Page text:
WASHINGTON — Telling little fibs leads down a slippery slope to bigger lies - and our brains adapt to escalating dishonesty, which makes deceit easier, a new study shows.
Neuroscientists at the University College London’s Affective Brain Lab put 80 people in scenarios where they could repeatedly lie and get paid more based on the magnitude of their lies. They said they were the first to demonstrate empirically that people’s lies grow bolder the more they fib.
The researchers then used brain scans to show that our mind’s emotional hot spot - the amygdala - becomes desensitized or used to the growing dishonesty, according to a study published online Monday in the journal Nature Neuroscience.
“You can think of this as a slippery slope with what begins as small acts of dishonesty escalating to much larger ones,” said study lead author Neil Garrett, now a neuroscience researcher at Princeton University. “It highlights the potential dangers of engaging in small acts of dishonesty on a regular basis because these can escalate to much larger ones further down the line.”
And during this lying, brain scans that show blood supply and activity at the amygdala decrease with increasing lies, said study co-author and lab director Tali Sharot.
“The more we lie, the less likely we are to have an emotional response” - say, shame or guilt - “that accompanies it,” Sharot said.
Garrett said he suspects similar escalation factors happen in the “real world,” which would include politics, infidelity and cheating, but he cautioned that this study was done in a controlled lab setting so more research would be needed to apply it to other situations.
University of Massachusetts psychology and brain sciences professor Robert Feldman wasn’t part of the study but praised it: “The results provide clues as to how people may become more convincing liars with practice, and it clearly suggests the danger of tolerating small, white lies, which can escalate into greater and greater levels of deception.”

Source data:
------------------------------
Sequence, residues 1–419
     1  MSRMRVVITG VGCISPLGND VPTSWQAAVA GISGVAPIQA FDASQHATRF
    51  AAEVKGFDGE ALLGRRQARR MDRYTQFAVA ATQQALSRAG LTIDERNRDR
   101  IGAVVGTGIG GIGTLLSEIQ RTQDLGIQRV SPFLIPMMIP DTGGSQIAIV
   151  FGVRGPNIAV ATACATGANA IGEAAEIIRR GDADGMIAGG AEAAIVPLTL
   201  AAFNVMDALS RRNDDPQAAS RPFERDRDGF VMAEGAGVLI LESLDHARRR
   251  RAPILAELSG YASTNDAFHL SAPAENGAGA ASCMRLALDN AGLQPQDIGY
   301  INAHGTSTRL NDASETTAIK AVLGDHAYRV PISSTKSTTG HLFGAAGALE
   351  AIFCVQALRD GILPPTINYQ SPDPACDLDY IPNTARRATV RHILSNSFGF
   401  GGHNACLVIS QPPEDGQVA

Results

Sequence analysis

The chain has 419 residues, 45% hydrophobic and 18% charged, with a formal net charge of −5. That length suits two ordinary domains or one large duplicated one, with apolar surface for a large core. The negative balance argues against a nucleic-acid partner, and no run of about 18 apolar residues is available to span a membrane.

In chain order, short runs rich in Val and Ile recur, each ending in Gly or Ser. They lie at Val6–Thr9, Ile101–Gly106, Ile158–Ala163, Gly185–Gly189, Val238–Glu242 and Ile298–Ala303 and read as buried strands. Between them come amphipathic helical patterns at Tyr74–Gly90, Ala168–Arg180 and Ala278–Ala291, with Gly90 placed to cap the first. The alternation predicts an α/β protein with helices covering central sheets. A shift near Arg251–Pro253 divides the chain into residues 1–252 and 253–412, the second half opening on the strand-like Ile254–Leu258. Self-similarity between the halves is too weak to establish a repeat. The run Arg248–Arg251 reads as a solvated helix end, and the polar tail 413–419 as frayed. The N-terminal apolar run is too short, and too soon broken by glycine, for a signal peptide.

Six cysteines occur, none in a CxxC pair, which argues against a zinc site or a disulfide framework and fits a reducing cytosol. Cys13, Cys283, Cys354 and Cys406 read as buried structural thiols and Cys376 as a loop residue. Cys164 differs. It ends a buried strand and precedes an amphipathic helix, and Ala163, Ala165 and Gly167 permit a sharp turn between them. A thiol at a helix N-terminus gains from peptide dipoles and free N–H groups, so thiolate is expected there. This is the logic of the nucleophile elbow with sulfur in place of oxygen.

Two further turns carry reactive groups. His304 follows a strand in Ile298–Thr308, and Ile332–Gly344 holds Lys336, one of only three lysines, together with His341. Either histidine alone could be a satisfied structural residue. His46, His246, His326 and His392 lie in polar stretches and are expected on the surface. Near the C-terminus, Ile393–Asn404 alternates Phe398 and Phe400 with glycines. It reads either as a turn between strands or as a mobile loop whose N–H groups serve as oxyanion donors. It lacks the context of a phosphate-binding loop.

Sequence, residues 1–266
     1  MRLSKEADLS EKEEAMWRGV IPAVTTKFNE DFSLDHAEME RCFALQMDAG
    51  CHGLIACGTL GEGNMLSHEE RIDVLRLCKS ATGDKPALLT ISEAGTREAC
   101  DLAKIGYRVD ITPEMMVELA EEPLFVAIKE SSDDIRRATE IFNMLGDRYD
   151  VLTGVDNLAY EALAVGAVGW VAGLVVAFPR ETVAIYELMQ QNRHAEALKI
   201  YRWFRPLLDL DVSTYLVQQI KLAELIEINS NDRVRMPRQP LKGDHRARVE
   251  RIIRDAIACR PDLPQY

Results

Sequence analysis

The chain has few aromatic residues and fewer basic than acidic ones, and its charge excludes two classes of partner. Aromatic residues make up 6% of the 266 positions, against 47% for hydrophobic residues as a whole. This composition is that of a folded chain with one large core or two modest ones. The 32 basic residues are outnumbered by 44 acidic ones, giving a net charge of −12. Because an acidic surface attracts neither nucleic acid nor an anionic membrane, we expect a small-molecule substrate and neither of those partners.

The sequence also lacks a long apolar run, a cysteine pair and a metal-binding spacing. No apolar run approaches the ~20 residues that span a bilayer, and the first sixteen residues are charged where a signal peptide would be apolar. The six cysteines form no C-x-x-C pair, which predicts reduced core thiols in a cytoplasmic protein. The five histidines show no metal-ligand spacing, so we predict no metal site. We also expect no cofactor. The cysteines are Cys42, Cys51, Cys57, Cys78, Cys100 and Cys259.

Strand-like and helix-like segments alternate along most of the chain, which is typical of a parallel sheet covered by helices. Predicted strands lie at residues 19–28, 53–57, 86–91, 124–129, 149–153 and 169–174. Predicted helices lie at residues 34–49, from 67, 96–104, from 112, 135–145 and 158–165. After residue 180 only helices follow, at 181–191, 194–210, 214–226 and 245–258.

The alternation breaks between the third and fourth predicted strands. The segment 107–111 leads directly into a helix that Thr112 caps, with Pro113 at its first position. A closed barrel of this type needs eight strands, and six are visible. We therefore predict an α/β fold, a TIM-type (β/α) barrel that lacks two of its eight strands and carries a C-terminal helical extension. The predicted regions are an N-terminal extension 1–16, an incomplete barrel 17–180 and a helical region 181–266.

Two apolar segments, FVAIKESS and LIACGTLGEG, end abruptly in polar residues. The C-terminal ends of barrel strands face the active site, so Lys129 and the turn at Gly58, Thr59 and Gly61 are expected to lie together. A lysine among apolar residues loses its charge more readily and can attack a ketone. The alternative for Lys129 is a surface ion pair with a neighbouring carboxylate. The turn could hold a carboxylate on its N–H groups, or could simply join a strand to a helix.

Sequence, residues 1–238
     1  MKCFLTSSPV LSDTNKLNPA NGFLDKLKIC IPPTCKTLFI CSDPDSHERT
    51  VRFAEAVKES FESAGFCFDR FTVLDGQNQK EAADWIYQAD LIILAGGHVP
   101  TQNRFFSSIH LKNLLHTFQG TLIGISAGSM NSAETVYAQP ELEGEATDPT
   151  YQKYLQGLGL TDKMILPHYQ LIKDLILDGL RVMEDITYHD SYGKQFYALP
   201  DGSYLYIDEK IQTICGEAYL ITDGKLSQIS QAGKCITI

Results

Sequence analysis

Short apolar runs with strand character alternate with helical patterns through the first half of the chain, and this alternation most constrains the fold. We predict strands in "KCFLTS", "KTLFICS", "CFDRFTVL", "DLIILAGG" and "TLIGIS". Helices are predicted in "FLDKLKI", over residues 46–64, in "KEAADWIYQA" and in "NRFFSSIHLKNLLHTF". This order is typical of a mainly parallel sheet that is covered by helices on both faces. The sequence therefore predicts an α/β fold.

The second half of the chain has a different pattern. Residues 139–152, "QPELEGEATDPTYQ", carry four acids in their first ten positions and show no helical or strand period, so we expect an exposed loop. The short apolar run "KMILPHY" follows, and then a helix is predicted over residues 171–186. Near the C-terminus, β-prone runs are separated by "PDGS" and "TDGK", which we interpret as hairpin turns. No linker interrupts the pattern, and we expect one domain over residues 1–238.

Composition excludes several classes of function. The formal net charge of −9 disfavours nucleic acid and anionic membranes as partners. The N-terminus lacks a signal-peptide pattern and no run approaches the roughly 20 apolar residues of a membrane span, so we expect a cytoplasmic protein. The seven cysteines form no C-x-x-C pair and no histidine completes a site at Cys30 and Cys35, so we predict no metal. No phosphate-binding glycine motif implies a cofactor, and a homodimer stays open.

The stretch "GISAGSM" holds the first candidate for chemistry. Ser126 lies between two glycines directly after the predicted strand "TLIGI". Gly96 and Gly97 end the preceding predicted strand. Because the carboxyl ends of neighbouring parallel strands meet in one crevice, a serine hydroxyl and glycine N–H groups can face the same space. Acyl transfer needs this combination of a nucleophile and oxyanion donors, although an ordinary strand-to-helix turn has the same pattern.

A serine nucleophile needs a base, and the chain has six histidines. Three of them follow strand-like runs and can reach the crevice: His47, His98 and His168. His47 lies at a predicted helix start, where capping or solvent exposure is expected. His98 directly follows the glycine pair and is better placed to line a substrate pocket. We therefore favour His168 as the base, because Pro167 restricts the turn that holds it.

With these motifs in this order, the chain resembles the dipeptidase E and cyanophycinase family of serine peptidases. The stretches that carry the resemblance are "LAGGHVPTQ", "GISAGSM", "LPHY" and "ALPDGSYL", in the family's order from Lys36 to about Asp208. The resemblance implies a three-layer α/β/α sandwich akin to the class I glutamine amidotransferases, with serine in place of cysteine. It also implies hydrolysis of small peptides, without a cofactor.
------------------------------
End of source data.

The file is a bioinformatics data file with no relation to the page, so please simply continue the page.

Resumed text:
Garrett, Sharot and colleagues arranged for 80 people to go through an experiment where they would see a photo of a jar full of pennies. The subject would advise a partner in another room - someone who was looking at a photo that was less clear - how much money they should guess was in the jar. But the more the partner overestimated the bonus, based on the subject’s advice, the higher the reward.
The researchers did a couple variations of the experiment. In one version the test subject was told he and the partner would share in overestimating rewards; in that case, the subject’s lies were even bigger.
But in another scenario, the test subject would benefit more from overestimating and the partner would benefit less.
That second scenario showed the increase in the magnitude in lying. The people went from lying on average worth 4 British pounds (about $5) at the beginning to about 8 pounds ($10) near the end of about 80 repetitions - thus going from “little lies to bigger and bigger lies,” Sharot said.
And of those 80 test subjects, 25 of them, chosen randomly, did their estimates while an MRI machine scanned their brain. It showed how we get used to the lying, much like someone no longer noticing the smell of their own perfume over time and thus using more, Sharot said.
It shows people’s brains adapting to their own wrongdoing. It was so noticeable that the researchers were able to predict growing dishonesty based on the dropping activity in the amygdala.
Shaul Shavi, who runs the Behavioral Ethics Lab at the University of Amsterdam, said scientists had long suspected this slippery slope in lying existed, but there was limited proof until this “elegant” and “important” study. And the brain scan showing a neurological link with increased lying is novel, added Maurice Schweitzer, who studies deception at the University of Pennsylvania’s Wharton School of Business.
The study found that there is a segment of people who don’t lie and don’t escalate lies, but Sharot and Garrett weren’t able to determine how rare those honest people are. It also found that people lie more when it benefits both them and someone else than when they just profit alone.
“That’s sort of a good thing,” Sharot said.
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